No matter what, New Jersey is always and forever strong.
Almost everyone in New Jersey and the neighboring states can remember what they were doing at the end of this past October. Whether it was evacuating their homes or boarding up windows, residents along the shore and the surrounding areas prepared for the worst when Hurricane Sandy was predicted to hit. Starting as early as October 26, residents of the Garden State prepared themselves for one of the storms which was anticipated to hit harder than any others in recent years.
And New Jersey was, in fact, hit hard. Thousands of people were left without heat or electricity, some for a few days and some for weeks. Even more people were left without a home at all, or a home that was so damaged that it became unlivable and unsafe.
It is now nearly five months later and the shore still has not been fully repaired. However, out of all of the destruction and heartache, a new mantra was born: “Jersey Strong.”
One of the most well-known towns along the New Jersey Shore is Seaside Heights, exit 82 off of the Garden State Parkway. Infamous today for hosting MTV’s “Jersey Shore” for so many years, Seaside was known for countless other things. Whether it was going to the small, local bakery, taking a whirl on the Centrifuge or just gazing at the beautiful beach houses, Seaside always had a friendly face.
Hosting countless homes, arcades, shops, boardwalk stands and beaches, Seaside was completely devastated. When residents and locals were finally allowed to enter Seaside weeks and weeks after Sandy’s wrath, there was no boardwalk, rides were ripped into the ocean and houses were thrown on top of other homes.
Although it seemed extremely bleak, a beam of hope came out of the annual Saint Patrick’s Day Parade this past Sat., March 9 on the Boulevard in Seaside. For the first time in months, hundreds of people lined the street in anticipation of the event, which many thought would be cancelled.
Even more exciting was that it turned out to be a gorgeous day. Not letting the recent snowfall stop the parade, participants were welcomed with sunshine and spring-like weather.
As per usual, the parade was donned by local business floats, bagpiping groups, old cars and high school marching bands. However, something stronger than just Irish spirit that was apparent throughout the entire parade was the New Jersey pride.
Many floats emanated even more New Jersey pride than usual. The army sported a large truck with a banner reading “Jersey Strong” and “Restore the Shore.” Local boy scout troops waved flags reading “Restore the Shore,” accompanied by a large green state outline. The local Home Depot also sported a truck with large shamrocks reading “Building the Shore stronger and better than before.”
Aside from the parade floats, green “Restore the Shore” shirts seemed to be on nearly every other person lining the street and cheering for the parade participants.
“It was amazing to see so many people come out and see so many people,” said Theresa Debow, long-time resident of Seaside Heights. “It has been so sad these past few months, seeing all the destruction around town. Seeing all of these people celebrating and having a good time made me realize that things can finally start getting back to normal.”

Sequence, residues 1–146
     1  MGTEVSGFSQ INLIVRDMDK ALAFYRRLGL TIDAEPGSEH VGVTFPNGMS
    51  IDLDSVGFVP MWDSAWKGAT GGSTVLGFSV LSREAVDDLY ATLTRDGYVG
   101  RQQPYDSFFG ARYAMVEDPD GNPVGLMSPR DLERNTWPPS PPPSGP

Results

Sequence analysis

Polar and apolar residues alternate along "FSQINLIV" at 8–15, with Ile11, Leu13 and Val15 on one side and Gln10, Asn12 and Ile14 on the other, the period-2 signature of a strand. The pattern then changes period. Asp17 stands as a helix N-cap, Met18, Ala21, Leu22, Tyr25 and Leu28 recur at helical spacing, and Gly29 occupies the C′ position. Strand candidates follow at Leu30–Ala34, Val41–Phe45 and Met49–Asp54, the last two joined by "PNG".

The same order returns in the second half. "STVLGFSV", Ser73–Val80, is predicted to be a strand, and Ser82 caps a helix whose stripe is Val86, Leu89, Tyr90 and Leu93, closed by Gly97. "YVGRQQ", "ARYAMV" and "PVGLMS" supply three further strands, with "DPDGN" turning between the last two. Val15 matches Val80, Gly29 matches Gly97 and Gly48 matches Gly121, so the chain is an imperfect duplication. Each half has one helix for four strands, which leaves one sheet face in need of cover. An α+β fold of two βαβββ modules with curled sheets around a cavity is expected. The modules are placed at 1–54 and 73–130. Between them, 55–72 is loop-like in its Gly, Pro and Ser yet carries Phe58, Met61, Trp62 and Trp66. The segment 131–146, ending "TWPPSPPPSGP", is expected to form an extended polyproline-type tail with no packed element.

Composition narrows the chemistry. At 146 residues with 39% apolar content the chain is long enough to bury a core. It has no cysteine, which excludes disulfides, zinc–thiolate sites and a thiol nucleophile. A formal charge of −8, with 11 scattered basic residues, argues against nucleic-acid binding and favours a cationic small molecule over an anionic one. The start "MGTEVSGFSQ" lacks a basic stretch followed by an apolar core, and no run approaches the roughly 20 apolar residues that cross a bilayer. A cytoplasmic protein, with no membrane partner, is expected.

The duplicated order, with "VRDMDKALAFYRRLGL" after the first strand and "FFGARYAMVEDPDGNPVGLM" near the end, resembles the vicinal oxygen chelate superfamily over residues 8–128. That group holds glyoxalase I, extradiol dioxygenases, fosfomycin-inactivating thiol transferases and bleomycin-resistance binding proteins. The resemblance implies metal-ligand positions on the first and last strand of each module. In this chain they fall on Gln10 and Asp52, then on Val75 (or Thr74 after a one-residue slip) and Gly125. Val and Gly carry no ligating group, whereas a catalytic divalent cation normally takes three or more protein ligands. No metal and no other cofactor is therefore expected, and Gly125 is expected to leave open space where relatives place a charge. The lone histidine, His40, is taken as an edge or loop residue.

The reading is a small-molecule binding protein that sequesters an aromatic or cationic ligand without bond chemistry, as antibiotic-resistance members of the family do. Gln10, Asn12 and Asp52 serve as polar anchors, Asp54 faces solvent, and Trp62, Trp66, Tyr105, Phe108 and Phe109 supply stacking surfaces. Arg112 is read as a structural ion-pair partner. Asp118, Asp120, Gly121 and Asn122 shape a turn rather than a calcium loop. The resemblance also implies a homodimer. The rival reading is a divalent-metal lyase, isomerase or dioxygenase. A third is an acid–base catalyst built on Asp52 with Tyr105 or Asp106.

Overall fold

However, the most inspiring aspect of taking a day visit to Seaside was seeing the boardwalk. Stand owners were proudly cleaning their shops and calling out for people to play their arcade games, opening for the first time in months.
Even more inspiring was seeing the boardwalk being rebuilt first-hand. Hundreds of pilings are drilled into the sand, and new, fresh boards are ready to be bolted down on top. Despite the crowd watching them, construction workers hastily work on getting the boardwalk ready for the coming spring and summer.
Despite the support of locals and the effort of the construction workers constantly laboring their days away, it is still disheartening to see what has come of Seaside. The ferris wheel on Funtown Pier barely stands, as the pier around it is completely gone. The log flume, haunted mansion, Centrifuge and Jet Star Coaster are just a few of the many rides that were ripped away from Casino Pier. The long-standing Carousel arcade stands among the rubble, along with countless other stands and arcades.
Although this particular beach town has come a long way since Hurricane Sandy, there is still an immensely large amount of work to be done before everything is back to normal. Taking a short drive down Route 35 into Ortley will show many more houses and businesses were destroyed.
There is still a lot that needs to be done, but the New Jersey Shore will do it. This coming summer after Sandy is the first time that we can show the world just how strong we are, and that we will rebuild even bigger and better than before. The amount of support and dedication that just this one shore town has seen this weekend alone enforces our “Jersey Strong” motto.
Those interested in donating or finding out how to get involved are encouraged to take action, on websites such as New Jersey Strong. Remember where you’re from and present your New Jersey pride.